globalization, offshoring, and automation have since 1980 liquidated nearly 7 million manufacturing jobs in U.S. communities—more than one-third of U.S. manufacturing positions—as manufacturing employment plunged from 18.9 million jobs to 12.2 million. Moreover, as the chart depicts, while the trend is longstanding, it actually accelerated in the 2000s.
The role of China’s expansion in this process is the subject of a Russ Roberts podcast with David Autor.
See comments by four of us here.
My comments on the podcast are below the fold.
David Autor’s work on the adjustment problems for American workers caused by China’s rapid export growth is very interesting. I believe that these sorts of adjustment problems, rather than “aggregate demand,” are the main source of unemployment in the economy. I have discussed this way of thinking about unemployment as the problem of discovering patterns of sustainable specialization and trade (PSST).
I was intrigued that the podcast with David Autor and Russ Roberts discussed structural unemployment and corkball. One of my late father’s favorite expressions was, “We are going to have to pay people to play corkball.” More than thirty years ago, he foresaw a future in which society would have to deal with widespread unemployment by finding it socially acceptable to pay people to engage in leisure. Some additional points:
1. The rules of corkball in St. Louis, where my I grew up, evidently differed from those in Memphis, where Roberts grew up.
2. My father thought in terms of workers displaced by technology, and Autor talks about workers being displaced by trade, and in particular by rapid growth in manufacturing in China.
3. My father thought that once low-skilled workers were displaced, it would not be long before what we would today call non-STEM college majors would find themselves displaced as well.
4. My father was not an economist. In my view, he seemed to be committing the “lump of output” fallacy. That is, imagine that the world is one big factory, producing a fixed amount of output. If the factory “foreman” (meaning the impersonal forces of the market) finds some Chinese welders who can perform welding at less cost than American welders, then American welders will be out of a job. The fallacy is in treating the amount of output as fixed. In a dynamic economy, the factory “foreman” should be able to find another use for the American workers that serves to increase output. Since we teach that the economic problem consists of unlimited wants and limited resources, the unemployment of American workers should be of limited duration.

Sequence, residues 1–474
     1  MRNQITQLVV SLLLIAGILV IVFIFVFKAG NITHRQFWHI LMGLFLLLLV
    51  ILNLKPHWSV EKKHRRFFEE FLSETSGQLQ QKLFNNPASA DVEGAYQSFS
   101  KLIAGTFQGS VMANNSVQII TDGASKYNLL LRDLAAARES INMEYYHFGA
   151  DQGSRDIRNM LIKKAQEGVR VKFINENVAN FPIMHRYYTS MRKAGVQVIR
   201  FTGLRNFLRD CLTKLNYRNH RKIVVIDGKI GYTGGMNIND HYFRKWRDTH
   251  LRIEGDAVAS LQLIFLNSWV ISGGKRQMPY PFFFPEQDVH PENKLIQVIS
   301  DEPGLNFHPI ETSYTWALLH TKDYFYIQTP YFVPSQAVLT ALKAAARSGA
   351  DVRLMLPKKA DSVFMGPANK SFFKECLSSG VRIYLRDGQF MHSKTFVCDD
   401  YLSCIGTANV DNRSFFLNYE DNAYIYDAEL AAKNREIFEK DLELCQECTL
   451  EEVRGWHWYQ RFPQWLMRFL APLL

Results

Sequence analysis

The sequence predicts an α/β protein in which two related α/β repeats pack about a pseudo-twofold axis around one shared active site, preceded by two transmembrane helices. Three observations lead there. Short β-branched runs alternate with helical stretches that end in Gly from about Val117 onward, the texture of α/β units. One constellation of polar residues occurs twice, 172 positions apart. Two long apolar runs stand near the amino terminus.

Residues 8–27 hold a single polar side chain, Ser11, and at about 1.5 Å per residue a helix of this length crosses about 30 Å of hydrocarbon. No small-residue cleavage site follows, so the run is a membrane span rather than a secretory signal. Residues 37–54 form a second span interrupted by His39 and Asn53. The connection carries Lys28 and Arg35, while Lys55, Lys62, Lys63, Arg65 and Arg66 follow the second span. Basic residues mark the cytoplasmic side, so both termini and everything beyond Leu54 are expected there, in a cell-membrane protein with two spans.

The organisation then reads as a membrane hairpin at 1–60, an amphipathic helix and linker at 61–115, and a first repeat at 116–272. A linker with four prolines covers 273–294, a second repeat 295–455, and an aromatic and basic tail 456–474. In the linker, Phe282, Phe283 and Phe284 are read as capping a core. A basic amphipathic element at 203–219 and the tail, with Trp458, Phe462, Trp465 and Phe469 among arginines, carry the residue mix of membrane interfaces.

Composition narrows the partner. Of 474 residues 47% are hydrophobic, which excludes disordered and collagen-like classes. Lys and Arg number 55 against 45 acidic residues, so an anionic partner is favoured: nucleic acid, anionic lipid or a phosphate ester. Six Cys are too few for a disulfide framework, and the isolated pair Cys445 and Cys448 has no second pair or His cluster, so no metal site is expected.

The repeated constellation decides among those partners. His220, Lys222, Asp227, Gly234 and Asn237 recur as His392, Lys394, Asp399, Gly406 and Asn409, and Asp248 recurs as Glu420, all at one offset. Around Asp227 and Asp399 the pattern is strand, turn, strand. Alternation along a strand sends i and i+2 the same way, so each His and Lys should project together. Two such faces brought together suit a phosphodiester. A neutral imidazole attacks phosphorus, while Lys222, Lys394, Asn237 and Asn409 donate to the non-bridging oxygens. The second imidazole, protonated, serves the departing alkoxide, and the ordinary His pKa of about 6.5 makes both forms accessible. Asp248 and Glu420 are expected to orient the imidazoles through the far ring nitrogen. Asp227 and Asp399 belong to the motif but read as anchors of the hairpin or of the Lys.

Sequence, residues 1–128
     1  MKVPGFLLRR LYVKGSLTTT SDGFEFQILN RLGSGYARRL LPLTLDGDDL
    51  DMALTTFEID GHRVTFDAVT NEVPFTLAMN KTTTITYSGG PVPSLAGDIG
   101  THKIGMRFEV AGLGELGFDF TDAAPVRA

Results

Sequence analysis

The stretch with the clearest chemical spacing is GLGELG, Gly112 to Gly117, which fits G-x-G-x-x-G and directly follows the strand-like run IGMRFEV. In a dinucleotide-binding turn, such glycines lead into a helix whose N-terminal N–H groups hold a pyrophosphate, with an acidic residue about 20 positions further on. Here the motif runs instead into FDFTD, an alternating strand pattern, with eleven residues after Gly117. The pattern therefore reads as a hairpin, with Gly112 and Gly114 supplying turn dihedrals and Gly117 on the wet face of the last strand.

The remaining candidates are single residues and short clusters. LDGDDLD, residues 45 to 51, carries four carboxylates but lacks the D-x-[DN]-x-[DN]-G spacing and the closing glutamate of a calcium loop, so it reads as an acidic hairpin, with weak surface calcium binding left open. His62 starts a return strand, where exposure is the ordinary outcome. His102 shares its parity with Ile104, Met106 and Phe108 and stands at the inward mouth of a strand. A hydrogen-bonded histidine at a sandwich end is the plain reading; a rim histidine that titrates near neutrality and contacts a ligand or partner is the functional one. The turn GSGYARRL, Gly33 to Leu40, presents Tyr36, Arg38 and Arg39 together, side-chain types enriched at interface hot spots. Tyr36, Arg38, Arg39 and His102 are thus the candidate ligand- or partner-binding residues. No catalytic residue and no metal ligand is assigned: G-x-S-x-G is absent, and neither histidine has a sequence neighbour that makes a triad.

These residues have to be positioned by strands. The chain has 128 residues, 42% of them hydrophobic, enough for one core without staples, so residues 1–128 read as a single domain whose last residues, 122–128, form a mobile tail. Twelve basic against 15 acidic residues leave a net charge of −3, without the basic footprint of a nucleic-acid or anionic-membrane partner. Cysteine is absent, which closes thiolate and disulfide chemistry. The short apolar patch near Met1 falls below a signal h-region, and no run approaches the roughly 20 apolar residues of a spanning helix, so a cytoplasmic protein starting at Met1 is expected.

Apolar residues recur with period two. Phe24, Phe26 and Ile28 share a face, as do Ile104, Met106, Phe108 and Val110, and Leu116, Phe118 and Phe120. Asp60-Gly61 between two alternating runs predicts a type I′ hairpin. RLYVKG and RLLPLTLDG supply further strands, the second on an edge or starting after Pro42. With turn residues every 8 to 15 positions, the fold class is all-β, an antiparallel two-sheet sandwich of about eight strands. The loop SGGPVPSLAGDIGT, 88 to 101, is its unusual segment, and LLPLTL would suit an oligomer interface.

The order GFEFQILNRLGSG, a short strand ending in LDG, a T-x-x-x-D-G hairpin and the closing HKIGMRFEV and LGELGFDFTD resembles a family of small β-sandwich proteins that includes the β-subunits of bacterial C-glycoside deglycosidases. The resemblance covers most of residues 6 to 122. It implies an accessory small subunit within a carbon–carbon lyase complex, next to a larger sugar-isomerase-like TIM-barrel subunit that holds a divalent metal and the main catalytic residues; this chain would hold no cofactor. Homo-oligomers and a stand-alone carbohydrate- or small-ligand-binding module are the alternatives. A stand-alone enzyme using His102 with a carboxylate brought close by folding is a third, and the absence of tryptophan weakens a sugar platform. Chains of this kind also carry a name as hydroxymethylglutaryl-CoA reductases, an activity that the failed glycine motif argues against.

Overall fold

5. In the podcast, it sometimes sounds as though Roberts wants to defend what we teach against what he sees as “lump of output” thinking. However, one way to characterize the dispute between Roberts and Autor is that what they really disagree about is the meaning of “limited duration” for structural unemployment. For Roberts, it might mean a few months or at most a couple of years. For Autor it might mean a decade, or perhaps from now until the worker reaches the legal retirement age.
6. I believe that this is the most useful way to think about unemployment in general. That is, I do not think that very much unemployment is “cylical,” meaning that factories are shut down until unwanted inventories have been worked off, at which point they are re-opened and the same workers are rehired. Rather, I think that most unemployment is structural. The factory “foreman” finds millions of new jobs for workers each month (see the JOLTS survey), but the “foreman” cannot find a fit for everyone. Even a small increase in the rate of displacement and/or a small decline in the rate of fit-finding gives rise to what we call a recession.
7. Both trade and technological innovation constitute progress. Displaced workers are the victims of that progress. The policy issue raised at the end of the podcast is how best to deal with the victims. I would lean against trying to slow the pace of progress by restricting trade or by making it difficult to introduce technological innovation. I would lean instead in the direction of cutting payroll taxes and decoupling employment from health insurance. Those steps would reduce the cost of labor and thereby make it more likely that the “foreman” will find a use for displaced workers.